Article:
Indonesia’s Participation at the 2021 G-20 Summit: Key Takeaways

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Indonesia took over the leadership of the G-20, so its agenda for the multilateral group becomes even more important in 2022.
The G-20 Heads of State and Government Summit in Rome, Italy, Oct. 30., 2021
At the end of October, Italy hosted the G-20 summit amid yet another year of pandemic. The multidomain impacts of the pandemic are reflected in the theme of the G-20 Summit this year: “People, Planet, Prosperity.” Our world and particularly G-20 nations are struggling with the devastating implications of the COVID-19 pandemic, which endangered both human security and economic well-being. At the same time, climate change is continuously threatening the safety of the global population.
Thus the G-20 Summit in Rome was indeed very crucial, as it was tasked with working not only to tackle the aftermath of the pandemic but, most importantly, to reaffirm the integrity and durability of multilateralism.
Indonesia’s President Joko Widodo, commonly known as Jokowi, attended the G-20 Summit with numerous important agenda items, such as participating at the Global Economy and Health session and meeting some of his counterparts. He managed to have sideline meetings with France’s President Emmanuel Macron, Australia’s Prime Minister Scott Morrison, and Turkey’s President Recep Tayyip Erdogan. The leaders’ meetings were highly relevant after nearly two years of virtual meetings and after the recent AUKUS-related developments in the region.
As health and the economy are very much interlinking during this pandemic, the G-20 leaders agreed to several approaches. They agreed to establish a stronger pandemic preparedness strategy, including creating health protocols among states and governance beyond the WHO for disease-mitigation and funding. Since the onset of pandemic, each nation tended to mobilize its own resources and focus on its territory, rather than prioritizing helping other countries in need.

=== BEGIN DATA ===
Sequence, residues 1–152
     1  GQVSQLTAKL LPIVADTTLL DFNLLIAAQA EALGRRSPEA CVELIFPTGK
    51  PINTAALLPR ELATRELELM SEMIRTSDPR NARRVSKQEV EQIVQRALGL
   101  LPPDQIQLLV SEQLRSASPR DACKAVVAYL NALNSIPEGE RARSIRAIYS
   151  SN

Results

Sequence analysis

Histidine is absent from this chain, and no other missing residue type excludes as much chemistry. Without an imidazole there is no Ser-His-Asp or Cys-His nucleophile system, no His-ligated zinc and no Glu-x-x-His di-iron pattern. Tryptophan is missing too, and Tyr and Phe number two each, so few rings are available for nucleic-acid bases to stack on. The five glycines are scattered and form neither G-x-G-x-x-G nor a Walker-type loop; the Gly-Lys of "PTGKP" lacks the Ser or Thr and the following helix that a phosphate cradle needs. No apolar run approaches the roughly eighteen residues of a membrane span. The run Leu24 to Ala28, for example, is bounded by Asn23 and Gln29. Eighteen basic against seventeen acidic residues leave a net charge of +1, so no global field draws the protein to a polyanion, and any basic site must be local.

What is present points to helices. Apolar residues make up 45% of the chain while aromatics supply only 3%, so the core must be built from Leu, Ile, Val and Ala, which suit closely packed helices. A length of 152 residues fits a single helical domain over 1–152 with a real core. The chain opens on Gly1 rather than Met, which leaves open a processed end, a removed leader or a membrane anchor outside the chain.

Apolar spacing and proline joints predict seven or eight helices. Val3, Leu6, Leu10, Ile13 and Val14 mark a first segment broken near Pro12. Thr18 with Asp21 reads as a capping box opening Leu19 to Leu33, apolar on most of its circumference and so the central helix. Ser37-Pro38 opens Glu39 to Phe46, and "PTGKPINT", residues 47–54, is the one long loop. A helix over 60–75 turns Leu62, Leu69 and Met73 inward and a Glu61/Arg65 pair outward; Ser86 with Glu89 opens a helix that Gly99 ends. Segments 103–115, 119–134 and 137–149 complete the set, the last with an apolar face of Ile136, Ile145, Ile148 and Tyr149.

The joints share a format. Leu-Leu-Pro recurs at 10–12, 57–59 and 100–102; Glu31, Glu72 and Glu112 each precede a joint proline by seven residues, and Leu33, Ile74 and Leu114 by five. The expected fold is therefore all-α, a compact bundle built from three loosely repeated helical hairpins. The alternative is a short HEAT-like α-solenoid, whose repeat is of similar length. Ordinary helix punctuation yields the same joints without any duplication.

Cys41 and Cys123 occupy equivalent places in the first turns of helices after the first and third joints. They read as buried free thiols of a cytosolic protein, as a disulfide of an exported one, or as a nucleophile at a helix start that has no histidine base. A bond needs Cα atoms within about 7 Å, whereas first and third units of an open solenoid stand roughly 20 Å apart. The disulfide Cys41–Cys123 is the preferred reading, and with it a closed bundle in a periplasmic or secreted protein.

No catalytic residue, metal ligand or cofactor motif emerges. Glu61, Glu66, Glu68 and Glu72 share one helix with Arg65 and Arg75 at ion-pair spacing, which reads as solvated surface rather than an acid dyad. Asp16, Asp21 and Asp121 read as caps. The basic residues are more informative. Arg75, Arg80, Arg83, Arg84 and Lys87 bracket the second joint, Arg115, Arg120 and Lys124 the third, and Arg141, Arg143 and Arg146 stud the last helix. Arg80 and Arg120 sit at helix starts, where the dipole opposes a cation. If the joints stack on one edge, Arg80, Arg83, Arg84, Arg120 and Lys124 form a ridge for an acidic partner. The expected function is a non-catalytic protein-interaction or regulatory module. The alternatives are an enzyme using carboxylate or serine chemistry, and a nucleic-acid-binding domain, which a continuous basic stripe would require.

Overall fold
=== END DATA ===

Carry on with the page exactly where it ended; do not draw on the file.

Jokowi summed up the problem with a one-line message: “strengthening global health infrastructure.” His reference to public health management as “infrastructure” highlights that it must be governed in a stable, sustainable, and systemic manner, not just through temporary mechanisms.
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Indonesia was also actively involved in the process of pushing a resilient, sustainable financial ecosystem. As one of Indonesia’s top concerns, Jokowi urged all G-20 nations to promote financial inclusion, particularly of small and medium-sized enterprises (SMEs) and people who are not reachable through banking services. Indonesia has repeatedly called for global financial reform, including by proposing the Global Financial Safety Net to help poor and under-developed countries survive amid the financial crisis and high debt burden.